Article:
Retirement test – By Bill Storie

 

Pink Piggy Bank On Top Of A Pile Of One Dollar Bills

The Olderhood Test:- Are you financially ready for Retirement ??

Note: this test was first published one year ago. If you are seeing it for the first time, please proceed. If you took the test last year – review your answers again and ask yourself has anything changed?

 

This is not an interactive online test, so a pen and paper is needed to write down your answers, then check your scores at the foot. No cheating now ..!!

Topic Options
Home (a)      Own main home outright, no   mortgage.(b)     Own main home, but with   remaining mortgage(c)      Rent main home(d)     Live with relatives
Pension Fund Management (a)      Managed entirely by   professional managers who have full discretion(b)     Managed by professional   managers, with whom I meet to review annually(c)      Managed by myself(d)     Managed by a relative
Pension Fund Make-up (a)      All ordinary shares –   self-managed(b)     All bonds – self-managed(c)      All mutual funds –   professionally managed(d)     Balanced portfolio –   professionally managed
Credit cards (a)      Paid off in full monthly(b)     Minimum amount due paid   monthly(c)      In arrears(d)     Don’t have any credit cards
Transportation (a)      Don’t own a car(b)     Car paid for in full, but old(c)      Car not yet paid off(d)     Car paid for in full and new
Health insurance (a)      Still in last employers plan   paid by them(b)     Still in last employers plan,   paid by me(c)      I have my own personal plan(d)     I don’t have any health   insurance
Long-term Health Care Plan (a)      My existing plan covers me to   death(b)     My existing plan covers me   with restrictions(c)      My existing plan covers me   until a certain age(d)     I don’t have a long-term   health plan
Vacation Budget (a)      I pay as I go and have no   budget(b)     I budget by trip(c)      I budget by year(d)     I rely on relatives to pay
Personal Budget (a)      I am very frugal(b)     I budget weekly/monthly(c)      I pay as needed and don’t   deprive myself(d)     I am quite reckless
Inheritance (a)      I intend to leave the bulk of   my retirement fund to family(b)     I intend to leave nothing to   family(c)      I will not deprive myself, so   what is left is the inheritance(d)     I have pre-determined targets
 

End of Test

Now score yourself below

Topic Points and Comments
Home (a)      4 … as long as the   house is in good condition and won’t require major repairs, this is the   perfect position to be in.(b)     3 … as long as the   monthly payments are affordable and the house is not in need of major   repairs, this is very acceptable.(c)      2 … this is all   about affordability and sustainability. If the rent is ok and the lease is   renewable at same or similar rent, then this is acceptable.(d)     2 … nothing wrong   with this price-wise, unless they are charging you too much. The issue really   is whether you get thrown out if a dispute arises, and thus have to find   alternative accommodation at perhaps a higher cost.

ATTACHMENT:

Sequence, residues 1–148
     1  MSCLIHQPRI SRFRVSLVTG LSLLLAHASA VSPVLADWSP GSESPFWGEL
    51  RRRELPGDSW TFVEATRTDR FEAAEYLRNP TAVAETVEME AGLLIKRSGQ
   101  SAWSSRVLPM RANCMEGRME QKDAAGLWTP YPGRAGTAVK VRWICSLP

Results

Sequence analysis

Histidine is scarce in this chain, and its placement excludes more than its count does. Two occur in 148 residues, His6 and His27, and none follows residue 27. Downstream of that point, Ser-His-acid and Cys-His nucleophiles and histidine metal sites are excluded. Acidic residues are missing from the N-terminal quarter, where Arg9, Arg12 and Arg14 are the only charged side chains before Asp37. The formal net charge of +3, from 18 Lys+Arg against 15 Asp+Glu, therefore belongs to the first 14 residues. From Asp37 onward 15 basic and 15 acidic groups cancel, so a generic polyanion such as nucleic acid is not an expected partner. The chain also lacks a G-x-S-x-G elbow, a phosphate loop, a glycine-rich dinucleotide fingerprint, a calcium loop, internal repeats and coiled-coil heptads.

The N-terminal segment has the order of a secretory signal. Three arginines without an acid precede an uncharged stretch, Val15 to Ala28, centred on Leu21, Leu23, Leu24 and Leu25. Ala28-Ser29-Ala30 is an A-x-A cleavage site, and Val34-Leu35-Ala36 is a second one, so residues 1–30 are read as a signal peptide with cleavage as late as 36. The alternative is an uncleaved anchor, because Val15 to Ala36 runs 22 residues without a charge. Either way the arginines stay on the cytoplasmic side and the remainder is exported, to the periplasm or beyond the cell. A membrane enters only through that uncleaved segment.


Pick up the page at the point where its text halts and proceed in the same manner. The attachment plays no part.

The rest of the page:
Pension Fund Management (a)      3 … the concern here   is that your managers are probably not in sync with your changing needs and   responsibilities. Do they understand your situation..?(b)     4 … much better. As   long as they listen to you and act accordingly and you can subsequently check   that they do what they said in the review meeting.(c)      2 … totally depends   on your knowledge and skills. No-one knows your requirements better than you,   so if you can balance your needs with the returns, this is quite acceptable.(d)     1 … unless he/she is   a financial professional, this is dangerous. If they take their eye off the   ball, you could end up in a “no-fix” situation. Not great.
Pension Fund Make-up (a)      2 … at the older end   of the age spectrum, this is dangerous. You are relying on a mix of good   judgment, tip-offs and luck. Be careful. High risk.(b)     3 … slightly better   than above. Be careful of the maturity conditions from the borrower and the   resultant replacement cost and/or return. Medium risk.(c)      3 … the key advantage   is the professional management of the funds themselves, which is good. The   only concern is whether your advisor is willing (and capable) to suggest other   funds in the event of poor performance of your existing funds.(d)     4 … probably the top   choice of this section. If the expected returns closely fit your income   requirements, then this is an excellent choice.